An dependent variable is what results from this set of independent variables (e.g. pronunciation of the phoneme [r], use of a particular dialect, use of a particular sociolect).
Depending on the set up of a study one and the same variable (e.g. the use of slang) may be either independent or dependent. Therefore, a variable taken out of the context of a study is neither independent nor dependent in itself. It becomes such only within a given context. You can find a good example of independent and dependent variables within their context in “Social stratification of English” post.
Many centuries, across different cultures people have been looking for a way to make our lives healthier and longer. Well, modern medicine has partially succeeded in this by helping to prolong our lives to a limited extent. But what about the quality of life? How to make it not only longer, but also healthier and therefore happier. Can hapiness, in turn, make our lives longer?
Today I would like to discuss briefly an interesting study by Deborah Danner, David Snowdon and Wallace Friesen (2001). Below is a table briefly describing the essence of the study:
|Objective||To find out how positive emotions influence longivity of life and health.|
|Subject||Presence/absence of positive emotion words and sentences.|
|Method||Linguistic (semantic) analysis.|
|Variables||Independent: 180 autobiographies; occupation (nuns); sex; age.
Dependent: the quantity of semantic units expressing positive, neutral, and negative emotions; longevity of life.
|Result||The nuns in the autobiographies of whom there were found most of semantic units expressing positive emotions lived by 10 years longer (!) than those in whose autobiographies there were the least number of semantic units expressing positive emotions.|
|Significance of the study||This study incorporated 180 samples, managed to exclude a lot of factors (such as bad habits, food, exercising, occupation, etc.) and looked at a considerable period of time (60 – 70 years). In this sense, this research looking at the longivity of life and positive emotions is unique in its way.|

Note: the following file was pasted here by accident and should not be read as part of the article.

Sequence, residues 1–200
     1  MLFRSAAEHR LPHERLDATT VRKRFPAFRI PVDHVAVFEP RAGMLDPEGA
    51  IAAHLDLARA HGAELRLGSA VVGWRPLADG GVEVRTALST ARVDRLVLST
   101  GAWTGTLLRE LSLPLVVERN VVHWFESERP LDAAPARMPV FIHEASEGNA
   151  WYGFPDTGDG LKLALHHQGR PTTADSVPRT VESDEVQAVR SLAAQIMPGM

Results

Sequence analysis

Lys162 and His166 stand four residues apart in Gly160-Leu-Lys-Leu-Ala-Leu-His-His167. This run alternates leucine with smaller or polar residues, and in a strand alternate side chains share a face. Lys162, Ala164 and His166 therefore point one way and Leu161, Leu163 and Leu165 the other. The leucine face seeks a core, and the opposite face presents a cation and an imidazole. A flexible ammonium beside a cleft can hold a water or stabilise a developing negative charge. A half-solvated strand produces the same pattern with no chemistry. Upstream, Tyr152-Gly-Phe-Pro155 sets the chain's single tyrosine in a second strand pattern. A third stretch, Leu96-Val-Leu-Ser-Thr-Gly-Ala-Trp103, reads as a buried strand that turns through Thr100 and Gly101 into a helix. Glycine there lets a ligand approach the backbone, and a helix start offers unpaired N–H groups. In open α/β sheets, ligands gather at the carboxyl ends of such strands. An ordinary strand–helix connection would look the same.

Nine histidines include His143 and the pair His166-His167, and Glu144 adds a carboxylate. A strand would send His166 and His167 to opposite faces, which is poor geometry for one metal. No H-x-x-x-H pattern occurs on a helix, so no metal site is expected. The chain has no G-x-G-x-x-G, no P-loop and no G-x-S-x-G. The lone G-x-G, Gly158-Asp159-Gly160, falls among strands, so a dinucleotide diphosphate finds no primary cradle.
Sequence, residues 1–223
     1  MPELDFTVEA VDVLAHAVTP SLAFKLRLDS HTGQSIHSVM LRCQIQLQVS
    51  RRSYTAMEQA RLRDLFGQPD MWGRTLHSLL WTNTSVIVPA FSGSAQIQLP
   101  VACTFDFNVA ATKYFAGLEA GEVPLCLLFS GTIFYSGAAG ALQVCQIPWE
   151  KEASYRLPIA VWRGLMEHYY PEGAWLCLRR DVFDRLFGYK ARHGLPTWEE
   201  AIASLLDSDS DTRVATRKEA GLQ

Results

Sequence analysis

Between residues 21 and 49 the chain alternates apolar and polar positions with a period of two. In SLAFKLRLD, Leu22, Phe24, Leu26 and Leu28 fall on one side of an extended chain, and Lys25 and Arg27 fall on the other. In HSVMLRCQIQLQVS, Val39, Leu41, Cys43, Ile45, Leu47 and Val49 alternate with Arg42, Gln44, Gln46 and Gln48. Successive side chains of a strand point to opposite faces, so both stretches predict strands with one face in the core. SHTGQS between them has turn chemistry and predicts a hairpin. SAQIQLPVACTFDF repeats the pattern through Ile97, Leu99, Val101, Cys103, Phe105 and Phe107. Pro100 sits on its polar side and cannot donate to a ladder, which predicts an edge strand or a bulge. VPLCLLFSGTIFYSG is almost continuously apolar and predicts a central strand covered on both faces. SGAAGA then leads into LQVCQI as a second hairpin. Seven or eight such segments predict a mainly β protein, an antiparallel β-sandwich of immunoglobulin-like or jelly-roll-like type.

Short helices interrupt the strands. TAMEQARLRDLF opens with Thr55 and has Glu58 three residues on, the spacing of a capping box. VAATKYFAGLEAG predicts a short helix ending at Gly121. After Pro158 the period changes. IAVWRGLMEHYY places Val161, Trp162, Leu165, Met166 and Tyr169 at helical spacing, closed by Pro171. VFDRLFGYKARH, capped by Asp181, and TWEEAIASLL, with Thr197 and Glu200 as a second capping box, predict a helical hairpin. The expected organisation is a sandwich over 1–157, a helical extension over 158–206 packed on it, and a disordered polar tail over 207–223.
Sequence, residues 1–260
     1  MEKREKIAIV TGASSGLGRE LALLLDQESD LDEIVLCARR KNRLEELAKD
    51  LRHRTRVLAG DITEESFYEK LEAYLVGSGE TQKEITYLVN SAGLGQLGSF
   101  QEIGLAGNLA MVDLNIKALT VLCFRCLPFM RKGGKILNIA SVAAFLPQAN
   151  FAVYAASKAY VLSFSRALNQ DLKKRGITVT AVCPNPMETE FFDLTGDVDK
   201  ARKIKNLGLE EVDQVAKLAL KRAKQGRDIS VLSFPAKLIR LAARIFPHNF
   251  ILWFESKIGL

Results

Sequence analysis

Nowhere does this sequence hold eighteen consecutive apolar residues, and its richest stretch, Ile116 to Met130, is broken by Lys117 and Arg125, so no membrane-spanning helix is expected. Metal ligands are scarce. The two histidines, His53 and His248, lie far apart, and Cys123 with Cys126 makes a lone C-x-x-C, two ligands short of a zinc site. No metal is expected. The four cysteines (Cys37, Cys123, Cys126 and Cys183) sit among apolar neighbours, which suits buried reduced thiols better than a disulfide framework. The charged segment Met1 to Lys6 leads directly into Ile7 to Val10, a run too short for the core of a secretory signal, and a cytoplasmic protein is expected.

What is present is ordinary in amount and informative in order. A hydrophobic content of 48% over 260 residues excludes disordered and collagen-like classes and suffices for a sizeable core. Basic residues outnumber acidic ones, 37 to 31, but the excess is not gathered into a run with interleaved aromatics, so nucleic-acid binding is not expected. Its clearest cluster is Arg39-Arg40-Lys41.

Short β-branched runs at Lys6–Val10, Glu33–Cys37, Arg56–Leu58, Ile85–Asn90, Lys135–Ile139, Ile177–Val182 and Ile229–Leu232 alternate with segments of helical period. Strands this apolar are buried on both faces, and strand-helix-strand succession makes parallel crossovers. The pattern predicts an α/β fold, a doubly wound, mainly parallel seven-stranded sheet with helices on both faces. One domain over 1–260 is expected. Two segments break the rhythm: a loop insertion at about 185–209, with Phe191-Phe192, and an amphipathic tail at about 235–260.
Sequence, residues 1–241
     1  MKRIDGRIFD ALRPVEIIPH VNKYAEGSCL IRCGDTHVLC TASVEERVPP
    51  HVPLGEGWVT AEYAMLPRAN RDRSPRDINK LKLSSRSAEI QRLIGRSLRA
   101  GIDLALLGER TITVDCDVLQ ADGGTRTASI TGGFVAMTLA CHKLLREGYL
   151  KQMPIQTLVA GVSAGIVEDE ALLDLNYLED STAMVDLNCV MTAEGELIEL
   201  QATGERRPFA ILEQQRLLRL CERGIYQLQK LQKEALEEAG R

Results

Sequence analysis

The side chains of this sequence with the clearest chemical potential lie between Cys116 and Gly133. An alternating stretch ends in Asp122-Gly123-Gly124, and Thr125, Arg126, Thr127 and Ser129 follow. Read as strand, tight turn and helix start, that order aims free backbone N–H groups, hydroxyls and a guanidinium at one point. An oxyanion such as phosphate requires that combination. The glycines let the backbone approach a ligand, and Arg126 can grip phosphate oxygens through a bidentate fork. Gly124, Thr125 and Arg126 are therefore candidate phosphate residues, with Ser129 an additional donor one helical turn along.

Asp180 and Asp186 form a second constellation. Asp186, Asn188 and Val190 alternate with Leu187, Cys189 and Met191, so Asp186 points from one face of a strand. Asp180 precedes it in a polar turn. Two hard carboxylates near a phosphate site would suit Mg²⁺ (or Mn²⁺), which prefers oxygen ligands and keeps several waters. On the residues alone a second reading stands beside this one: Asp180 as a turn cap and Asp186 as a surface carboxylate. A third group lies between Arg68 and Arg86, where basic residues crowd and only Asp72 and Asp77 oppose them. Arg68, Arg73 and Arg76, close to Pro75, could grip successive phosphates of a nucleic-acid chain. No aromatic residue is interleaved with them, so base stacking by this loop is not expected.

In summary, this study showed that nuns writing more positive autobiographies in young adulthood lived longer than nuns writing less positive autobiographies.
This study answers an important question: do positive emotions affect the longuivity of our lives? The answer is a firm “yes”. However, it also raises two other important questions: 1) does our attitude to the things that happen around can make us happier? and 2) how to make ourselves truly happier?
Danner, D.D., Snowdon, D.A., & Friesen, W.V. (2001). Positive emotions in early life and longevity: Findings from the nun study. Journal of Personality and Social Psychology, 80, 804–813.
Today I would like to share with you quite an interesting linguistic tool. It is called Reverso. Reverso can be useful to people who are interested in linguistic matters such as: translation, conjugation, spelling, dictionary forms, and usage examples. This tool can be of use to learners of foreign languages who want to conjugate a verb or to translate words as well as to see in which context a particular word is used. This Web resource is accessible at:
What is an interjection? The word ‘interjection‘ comes from Lat. ‘intericere’ meaning “to throw between”. According to the Cambridge Dictionary online, interjection is “a word or phrase that is used as a short, sudden expression of emotion” (CDO, 2015). Interjections (such as “hi” and “bye”) can be used to initiate a conversation or to terminate it in a polite way.
Grammatically, the status of interjections is debatable, “as they behave strangely in respect to morphology, syntax, and semantics: they are formally indeclinable, stand outside the syntactic frame, and have no lexical meaning, strictly speaking” (Bussmann, 1998, p. 582). Interjections are often onomatopoeic in nature (i.e. they are formed in imitation of sounds, e.g. ho-ho-ho).
Interjections are often used in face-to-face communication or by writers reproducing or creating resemblance of a conversation. For example:
Helen: Tom, have you brought your umbrella today? It’s raining cats and dogs!
Tom: Oops, I forgot…
Interjections are often used by native speakers of English on a daily basis and therefore are important to get acquianted with by the people who study English as their additional language. It is also a powerful tool of creating verbally colourful and authentic dialogues in writing.